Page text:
CrossFit Metcons are the bread and butter of the CrossFit training methodology. Watch this excellent video from former CrossFit Games team winner Adrian Conway to understand the principles of how to get better at CrossFit Metcons.
HOW TO GET BETTER AT CROSSFIT METCONS
So what are your actual limitations? Where are you weak and how is that holding you back during your CrossFit Metcons? It is a difficult task to look yourself in the mirror and be honest about what you are not good at, and what you are. Look through the workouts below and pick out the WODs that you know you won’t be good at, the ones that target your weaknesses.
THE CROSSFIT TRAINING METHODOLOGY
*Text from CrossFit
“CrossFit is a fitness regimen developed by Greg Glassman over several decades. Glassman, CrossFit’s Founder and CEO, was the first person in history to define fitness in a meaningful, measurable way: increased work capacity across broad time and modal domains. He then created a program specifically designed to improve fitness and health.
CrossFit is constantly varied functional movements performed at high intensity. All CrossFit workouts are based on functional movements, and these movements reflect the best aspects of gymnastics, weightlifting, running, rowing and more. These are the core movements of life. They move the largest loads the longest distances, so they are ideal for maximizing the amount of work done in the shortest time. Intensity is essential for results and is measurable as work divided by time—or power. The more work you do in less time, or the higher the power output, the more intense the effort. By employing a constantly varied approach to training, functional movements and intensity lead to dramatic gains in fitness.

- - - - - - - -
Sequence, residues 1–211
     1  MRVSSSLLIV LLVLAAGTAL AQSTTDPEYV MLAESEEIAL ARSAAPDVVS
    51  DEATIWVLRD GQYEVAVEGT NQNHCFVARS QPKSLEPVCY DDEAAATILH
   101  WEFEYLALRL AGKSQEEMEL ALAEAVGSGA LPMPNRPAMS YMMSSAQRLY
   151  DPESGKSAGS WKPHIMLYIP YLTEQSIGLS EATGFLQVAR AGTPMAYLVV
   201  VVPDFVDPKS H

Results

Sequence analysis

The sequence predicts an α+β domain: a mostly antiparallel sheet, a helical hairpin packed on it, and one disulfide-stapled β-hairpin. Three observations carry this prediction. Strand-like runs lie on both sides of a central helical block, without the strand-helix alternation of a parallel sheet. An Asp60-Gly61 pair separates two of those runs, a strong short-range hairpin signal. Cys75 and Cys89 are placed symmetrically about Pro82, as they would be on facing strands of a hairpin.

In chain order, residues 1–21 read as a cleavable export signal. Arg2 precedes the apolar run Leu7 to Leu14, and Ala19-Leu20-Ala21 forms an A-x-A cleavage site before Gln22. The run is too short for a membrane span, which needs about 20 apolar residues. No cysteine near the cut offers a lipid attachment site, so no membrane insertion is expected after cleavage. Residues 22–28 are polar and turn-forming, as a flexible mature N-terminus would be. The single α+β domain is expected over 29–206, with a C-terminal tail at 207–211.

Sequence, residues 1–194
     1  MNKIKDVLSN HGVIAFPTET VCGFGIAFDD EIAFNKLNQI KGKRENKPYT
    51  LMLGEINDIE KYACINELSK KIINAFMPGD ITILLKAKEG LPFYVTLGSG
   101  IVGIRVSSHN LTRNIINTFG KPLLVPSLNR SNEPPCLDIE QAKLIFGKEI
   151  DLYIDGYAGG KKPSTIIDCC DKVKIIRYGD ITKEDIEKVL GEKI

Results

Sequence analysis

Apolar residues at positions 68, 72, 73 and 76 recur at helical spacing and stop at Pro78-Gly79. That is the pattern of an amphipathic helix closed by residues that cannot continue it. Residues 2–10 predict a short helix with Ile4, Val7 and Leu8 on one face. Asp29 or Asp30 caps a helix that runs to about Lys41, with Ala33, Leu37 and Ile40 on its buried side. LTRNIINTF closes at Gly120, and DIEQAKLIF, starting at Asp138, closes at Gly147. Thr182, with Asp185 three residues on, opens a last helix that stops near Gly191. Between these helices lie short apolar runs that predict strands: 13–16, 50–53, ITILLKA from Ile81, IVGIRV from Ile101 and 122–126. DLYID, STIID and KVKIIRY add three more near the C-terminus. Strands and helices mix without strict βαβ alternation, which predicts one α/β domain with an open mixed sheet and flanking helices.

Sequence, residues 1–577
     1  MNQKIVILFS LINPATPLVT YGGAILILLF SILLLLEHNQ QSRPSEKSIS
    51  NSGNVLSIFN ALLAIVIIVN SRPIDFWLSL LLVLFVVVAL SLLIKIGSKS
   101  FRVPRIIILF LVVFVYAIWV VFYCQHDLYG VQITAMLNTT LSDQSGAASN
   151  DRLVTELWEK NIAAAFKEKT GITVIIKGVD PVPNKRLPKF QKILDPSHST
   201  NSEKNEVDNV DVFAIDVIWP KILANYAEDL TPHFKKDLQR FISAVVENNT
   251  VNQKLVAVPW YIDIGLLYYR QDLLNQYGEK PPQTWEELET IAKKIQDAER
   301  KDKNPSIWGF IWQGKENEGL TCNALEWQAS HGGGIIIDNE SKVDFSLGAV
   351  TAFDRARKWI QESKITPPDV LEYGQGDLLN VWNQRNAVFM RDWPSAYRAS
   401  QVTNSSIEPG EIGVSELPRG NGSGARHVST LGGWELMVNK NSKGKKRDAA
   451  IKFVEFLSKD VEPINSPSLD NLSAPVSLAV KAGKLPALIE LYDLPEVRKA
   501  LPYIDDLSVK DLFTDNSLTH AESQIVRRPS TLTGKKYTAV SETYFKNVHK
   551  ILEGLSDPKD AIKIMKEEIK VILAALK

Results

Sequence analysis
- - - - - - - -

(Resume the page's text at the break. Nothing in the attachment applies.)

The community that spontaneously arises when people do these workouts together is a key component of why CrossFit is so effective, and it gave birth to a global network of CrossFit affiliates that number over 13,000. Harnessing the natural camaraderie, competition and fun of sport or game yields an intensity that cannot be matched by other means.
The CrossFit program is driven by data. Using whiteboards as scoreboards, keeping accurate scores and records, running a clock, and precisely defining the rules and standards for performance, we not only motivate unprecedented output but derive both relative and absolute metrics at every workout. This data has important value well beyond motivation.
Overall, the aim of CrossFit is to forge a broad, general and inclusive fitness supported by measurable, observable and repeatable results. The program prepares trainees for any physical contingency—not only for the unknown but for the unknowable, too. Our specialty is not specializing.
While CrossFit challenges the world’s fittest, the program is designed for universal scalability, making it the perfect application for any committed individual, regardless of experience. We scale load and intensity; we don’t change the program. The needs of Olympic athletes and our grandparents differ by degree, not kind.”